Tuesday, September 18, 2012

Let us hope Justin Trudeau, like his father, can say this in 2015: We beat the bastards. Now it’s possible for us to do things

Like a modern Beverley Hills Cop actor, Newman – the man who would wreck the unmarked Liberal Party of Canada with a banana stuffed into its tailpipe; the man who would wreck the buffet of that party, spread out to welcome its new leader, the Younger Trudeau, by crashing the party – has once again entered the fray with an article in Macleans about the Younger Trudeau.

Newman, the man born in Vienna, Austria, who sports a black beret rakishly tilted to one side, the man who has sold 2 million copies of his many books on business and political figures, is at it again, taking another of his customary pokes at the LPC.

The man who enjoyed a stint as a magician, is on record as being firmly convinced that the Liberal Party of Canada has already suffered the fate of the legendary Monty Python’s parrot, and is not just resting, because it is no longer part of the mainstream, is part of the general collapse of centralist parties throughout the western world, because it was formerly nailed to the perch of a firm geographical base but alas! no longer has such a base and has joined the crowd invisible, and is a dead parrot.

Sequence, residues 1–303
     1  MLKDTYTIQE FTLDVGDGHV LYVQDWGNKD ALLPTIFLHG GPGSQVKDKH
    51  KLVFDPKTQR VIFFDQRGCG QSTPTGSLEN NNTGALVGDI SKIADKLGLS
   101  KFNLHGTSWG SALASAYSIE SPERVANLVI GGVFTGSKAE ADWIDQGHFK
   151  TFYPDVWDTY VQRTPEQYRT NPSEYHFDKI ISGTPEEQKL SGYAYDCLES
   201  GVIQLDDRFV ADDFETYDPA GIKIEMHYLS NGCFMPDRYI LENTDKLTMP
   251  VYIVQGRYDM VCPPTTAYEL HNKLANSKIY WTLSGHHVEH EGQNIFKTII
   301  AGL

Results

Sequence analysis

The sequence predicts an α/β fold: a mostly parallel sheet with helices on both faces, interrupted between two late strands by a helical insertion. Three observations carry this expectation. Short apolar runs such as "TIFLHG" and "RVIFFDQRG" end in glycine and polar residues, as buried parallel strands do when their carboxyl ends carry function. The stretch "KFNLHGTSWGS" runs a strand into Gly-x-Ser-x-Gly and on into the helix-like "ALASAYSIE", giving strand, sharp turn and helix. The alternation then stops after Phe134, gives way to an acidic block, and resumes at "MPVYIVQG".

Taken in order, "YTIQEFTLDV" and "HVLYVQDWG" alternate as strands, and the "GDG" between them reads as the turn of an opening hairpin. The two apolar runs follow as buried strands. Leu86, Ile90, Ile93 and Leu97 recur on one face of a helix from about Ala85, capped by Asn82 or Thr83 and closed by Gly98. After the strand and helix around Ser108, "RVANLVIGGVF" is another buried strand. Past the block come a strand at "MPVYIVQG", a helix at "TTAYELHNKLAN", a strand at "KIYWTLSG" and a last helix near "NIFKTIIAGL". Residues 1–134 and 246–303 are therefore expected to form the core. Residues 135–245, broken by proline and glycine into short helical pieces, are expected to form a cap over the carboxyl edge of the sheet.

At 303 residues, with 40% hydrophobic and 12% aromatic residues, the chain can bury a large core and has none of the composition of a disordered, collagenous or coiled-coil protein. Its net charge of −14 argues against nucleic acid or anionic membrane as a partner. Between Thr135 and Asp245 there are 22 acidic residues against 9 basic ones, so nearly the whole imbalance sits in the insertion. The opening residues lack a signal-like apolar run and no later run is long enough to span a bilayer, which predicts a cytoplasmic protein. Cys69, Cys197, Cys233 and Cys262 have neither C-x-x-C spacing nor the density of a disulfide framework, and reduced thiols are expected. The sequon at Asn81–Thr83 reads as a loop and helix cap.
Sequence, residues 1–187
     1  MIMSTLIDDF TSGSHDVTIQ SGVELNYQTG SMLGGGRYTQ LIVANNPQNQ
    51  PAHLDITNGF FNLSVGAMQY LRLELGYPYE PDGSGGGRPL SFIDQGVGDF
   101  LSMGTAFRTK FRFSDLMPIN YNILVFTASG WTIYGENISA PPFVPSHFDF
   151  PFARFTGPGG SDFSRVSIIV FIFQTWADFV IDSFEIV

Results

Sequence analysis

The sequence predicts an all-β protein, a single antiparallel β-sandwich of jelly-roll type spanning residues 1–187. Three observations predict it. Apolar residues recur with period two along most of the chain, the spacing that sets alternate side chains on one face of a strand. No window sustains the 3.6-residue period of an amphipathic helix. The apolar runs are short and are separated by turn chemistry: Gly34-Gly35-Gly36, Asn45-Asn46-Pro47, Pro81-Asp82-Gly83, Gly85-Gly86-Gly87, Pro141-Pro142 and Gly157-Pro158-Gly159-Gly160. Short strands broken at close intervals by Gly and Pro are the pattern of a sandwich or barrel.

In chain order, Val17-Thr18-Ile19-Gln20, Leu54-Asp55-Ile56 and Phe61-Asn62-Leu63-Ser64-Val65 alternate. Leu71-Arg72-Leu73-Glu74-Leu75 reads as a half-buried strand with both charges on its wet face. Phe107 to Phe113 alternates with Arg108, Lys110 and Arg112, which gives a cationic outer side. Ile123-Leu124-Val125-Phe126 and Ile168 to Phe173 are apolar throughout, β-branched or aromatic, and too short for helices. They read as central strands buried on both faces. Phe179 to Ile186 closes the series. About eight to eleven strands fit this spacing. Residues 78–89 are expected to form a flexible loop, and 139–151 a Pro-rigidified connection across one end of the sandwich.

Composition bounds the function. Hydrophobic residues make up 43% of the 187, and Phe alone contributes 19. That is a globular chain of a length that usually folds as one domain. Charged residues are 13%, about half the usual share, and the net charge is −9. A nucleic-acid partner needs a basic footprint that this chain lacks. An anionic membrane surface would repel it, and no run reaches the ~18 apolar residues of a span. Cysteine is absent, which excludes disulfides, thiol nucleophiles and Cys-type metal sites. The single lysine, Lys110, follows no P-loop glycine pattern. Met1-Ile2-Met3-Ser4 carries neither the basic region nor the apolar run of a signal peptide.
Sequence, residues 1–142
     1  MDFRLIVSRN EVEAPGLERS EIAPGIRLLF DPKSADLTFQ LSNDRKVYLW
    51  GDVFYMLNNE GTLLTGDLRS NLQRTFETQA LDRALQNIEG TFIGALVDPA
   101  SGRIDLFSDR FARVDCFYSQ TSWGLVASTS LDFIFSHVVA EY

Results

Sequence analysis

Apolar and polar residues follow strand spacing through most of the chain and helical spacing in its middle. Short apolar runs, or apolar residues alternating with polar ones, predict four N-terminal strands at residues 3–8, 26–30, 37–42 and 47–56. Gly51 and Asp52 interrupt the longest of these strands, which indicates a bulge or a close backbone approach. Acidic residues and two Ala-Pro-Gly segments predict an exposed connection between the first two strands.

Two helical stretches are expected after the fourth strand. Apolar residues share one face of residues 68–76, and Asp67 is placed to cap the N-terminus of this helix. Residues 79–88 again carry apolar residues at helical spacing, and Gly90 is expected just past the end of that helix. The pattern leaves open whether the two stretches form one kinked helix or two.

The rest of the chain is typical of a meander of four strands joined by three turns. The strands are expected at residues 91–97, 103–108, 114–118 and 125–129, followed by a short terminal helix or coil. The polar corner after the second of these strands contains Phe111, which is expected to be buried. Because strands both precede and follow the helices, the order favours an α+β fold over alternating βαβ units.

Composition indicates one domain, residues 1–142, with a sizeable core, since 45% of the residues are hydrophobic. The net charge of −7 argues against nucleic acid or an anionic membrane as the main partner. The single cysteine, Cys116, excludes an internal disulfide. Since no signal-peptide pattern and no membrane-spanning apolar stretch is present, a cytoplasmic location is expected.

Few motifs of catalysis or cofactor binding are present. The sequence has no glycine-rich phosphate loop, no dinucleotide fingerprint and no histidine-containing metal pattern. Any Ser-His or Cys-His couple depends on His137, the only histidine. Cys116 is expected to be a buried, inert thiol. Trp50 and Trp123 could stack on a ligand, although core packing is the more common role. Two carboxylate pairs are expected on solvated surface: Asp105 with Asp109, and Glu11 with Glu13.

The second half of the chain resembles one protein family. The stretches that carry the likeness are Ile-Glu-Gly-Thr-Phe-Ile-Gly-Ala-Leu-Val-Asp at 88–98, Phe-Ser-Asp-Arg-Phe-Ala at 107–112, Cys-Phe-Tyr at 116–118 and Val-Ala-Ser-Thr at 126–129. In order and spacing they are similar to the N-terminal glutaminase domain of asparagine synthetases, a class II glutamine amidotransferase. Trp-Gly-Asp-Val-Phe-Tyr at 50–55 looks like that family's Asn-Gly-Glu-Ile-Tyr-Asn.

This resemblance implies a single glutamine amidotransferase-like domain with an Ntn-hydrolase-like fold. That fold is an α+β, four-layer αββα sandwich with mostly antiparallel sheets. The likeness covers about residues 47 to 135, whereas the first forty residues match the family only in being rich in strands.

Sorry, party. A dead party.

Now he thinks that Justin Trudeau is the next messiah for the Liberal Party, and really, really needed.

Not because he can raise the dead parrot (sorry, party) from the dead (ala Lazarus), but because he is his own man, just like his father:

The cameras love Justin too, but this is a different age, more accustomed to politicians playing to media. Still, the ability to hold a crowd in thrall is a rare thing, and Justin’s charm of mixing sex appeal with political ideals will take him a long way. Justin enters the race with two secret weapons: 150,000 avid Twitter followers, with the bonus that under the Grits’ revised constitution almost anyone can vote; and the campaign guidance of Gerald Butts, one of the wisest political advisers extant.
The Younger Trudeau

The two Trudeaus share not only a famous surname. There is an essential Pierre characteristic that I have noticed emerging in Justin, as I have watched him blossom into manhood. No matter what he did, in office or out, Pierre never failed to exercise his ultimate civil liberty: the right to be himself. Justin is cast in precisely the identical mould. As heir to that magnificent tradition, he will try to repeat history and reach for the top. Anything can happen—just watch him.

Wise words from the unofficial scribe of the Canadian elite.

Just watch him. As his father once said.

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